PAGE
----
Come as you are

Comeasyouare

Reading through the scriptures today and preparing for the Christmas Eve service has me spinning on an idea that is a familiar stream woven throughout scripture, the idea of coming as you are.  The gravity of the Jesus’ ministry, the incarnation of God coming to people is nothing short of breath taking.  It’s one of those themes that we can quickly gloss over, as we run to the more exhilarating passages of scripture.  It’s one of those themes that should shape our ministries and our communities as we live life.

The commands of Scripture, as we should read it, are almost always plural.  Set to be done by God’s people.  Jesus’ ministry in a sense should always be considered in a communal state.  Jesus, the lamb of God, came down to the earth so that he would reconcile His people to Himself.  The miracles that he performed brought great glory to His Father, opening the eyes and the ears of some of the people around Him.  The interesting part of this is that the people did not do anything to warrant forgiveness nor did they do anything to clean themselves up.  Jesus called them “as they were.”  If we take this theme and apply it to our communities, I think that what we will find is that we require people to act a certain way for us to welcome them in.  We might mask our expectations with calls to the alter or charitable giving, but ultimately within the Church we expect that people will act a certain way.  This way is vastly different among churches, some churches require that you keep your hands down while worshiping and yet others look down on outward worship.  Regardless of the expectation, we as a church frown on and ultimately miss opportunities to engage one another because of our presupposed expectations.   The most evil and dangerous part of these expectations is that they evolve within a community.  As communities grow and become bonded, they develop their own expectations.  When the expectations of the community are not met within the community, there is hostility and often shunning, until the expectations are met.   This is not a hard and fast rule, just a simple observation.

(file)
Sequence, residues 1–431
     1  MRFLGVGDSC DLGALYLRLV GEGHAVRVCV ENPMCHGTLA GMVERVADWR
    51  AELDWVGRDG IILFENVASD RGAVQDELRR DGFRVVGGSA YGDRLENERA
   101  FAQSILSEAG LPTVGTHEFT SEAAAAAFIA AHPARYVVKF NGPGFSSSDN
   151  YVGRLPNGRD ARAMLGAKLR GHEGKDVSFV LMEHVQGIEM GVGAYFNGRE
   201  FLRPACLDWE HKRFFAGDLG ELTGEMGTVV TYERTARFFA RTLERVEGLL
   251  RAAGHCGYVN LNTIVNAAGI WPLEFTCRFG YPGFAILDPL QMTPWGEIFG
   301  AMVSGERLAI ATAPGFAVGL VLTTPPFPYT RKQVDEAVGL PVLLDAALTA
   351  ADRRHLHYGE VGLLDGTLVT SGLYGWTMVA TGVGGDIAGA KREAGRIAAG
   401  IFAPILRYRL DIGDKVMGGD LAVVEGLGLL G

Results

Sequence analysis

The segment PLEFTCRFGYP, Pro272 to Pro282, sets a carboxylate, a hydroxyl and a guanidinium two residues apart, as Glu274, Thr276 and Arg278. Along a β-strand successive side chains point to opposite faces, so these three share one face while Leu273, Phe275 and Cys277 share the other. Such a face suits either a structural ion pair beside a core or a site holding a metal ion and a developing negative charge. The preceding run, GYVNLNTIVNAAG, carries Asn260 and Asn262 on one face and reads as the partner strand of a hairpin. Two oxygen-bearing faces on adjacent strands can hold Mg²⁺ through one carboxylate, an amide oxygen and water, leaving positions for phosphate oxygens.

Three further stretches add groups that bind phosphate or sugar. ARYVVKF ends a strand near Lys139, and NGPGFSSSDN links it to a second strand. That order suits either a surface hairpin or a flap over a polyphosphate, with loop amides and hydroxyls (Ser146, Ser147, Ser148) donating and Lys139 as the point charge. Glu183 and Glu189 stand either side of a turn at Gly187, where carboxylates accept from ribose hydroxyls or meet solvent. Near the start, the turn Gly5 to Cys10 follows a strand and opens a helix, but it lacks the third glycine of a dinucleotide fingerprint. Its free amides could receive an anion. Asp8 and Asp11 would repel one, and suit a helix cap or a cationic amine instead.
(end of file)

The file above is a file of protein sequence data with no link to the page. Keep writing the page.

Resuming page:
I was having a conversation with a friend of mine recently and I made a statement similar to the one that I just wrote, and it made him angry.  Angry at me and he was rightfully so.  I joined in on the communal expectation, ultimately ostracizing my own because they failed to meet the standard that I had set for them.  Of course, realizing my error, I apologized and repented for failing to see the error in my ways.  The conversation didn’t end there.  We talked and I pondered about what the implementations of my blindness has for the communities that I’m involved in.  How had my worship slipped back into self righteousness?   The question is answered in the beginning of this writing, it’s an indicative/imperative assessment.

I failed, and we fail because we do not allow people to come to us as they are.  We suppose that they will act a certain way, react a certain way or at least pretend to act a certain way.  This creates communities that are not built on trust, but rather behavior.  It’s simply going back to behavior modification on a communal level.  It’s an issue that stems from original sin, we want to be God, and in doing so we throw burdens on people that aren’t theirs to carry.  We want the clean, and yet we are called into the dirty.

My prayer is that our hearts will be broken for the broken.  As broken people we will realize our faults and repent of our sinful ways.  That we will yearn to be in the front lines of ministry, open about our brokenness and always on guard for the sin that is crouching at the door.  That we will be people that look more like Jesus and less like the religious leaders.  That God will move people into our paths, to challenge the norm and to force us to see the log that is in our own eye.  Let us not be a people that misses the point, that gathers around expectation and in doing so, fails to point people to the one that never failed.  His name is Jesus.

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